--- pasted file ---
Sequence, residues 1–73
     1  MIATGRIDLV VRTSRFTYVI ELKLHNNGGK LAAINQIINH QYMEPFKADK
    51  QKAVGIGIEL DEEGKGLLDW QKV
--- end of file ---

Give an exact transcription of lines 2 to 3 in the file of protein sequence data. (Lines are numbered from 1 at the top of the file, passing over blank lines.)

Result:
     1  MIATGRIDLV VRTSRFTYVI ELKLHNNGGK LAAINQIINH QYMEPFKADK
    51  QKAVGIGIEL DEEGKGLLDW QKV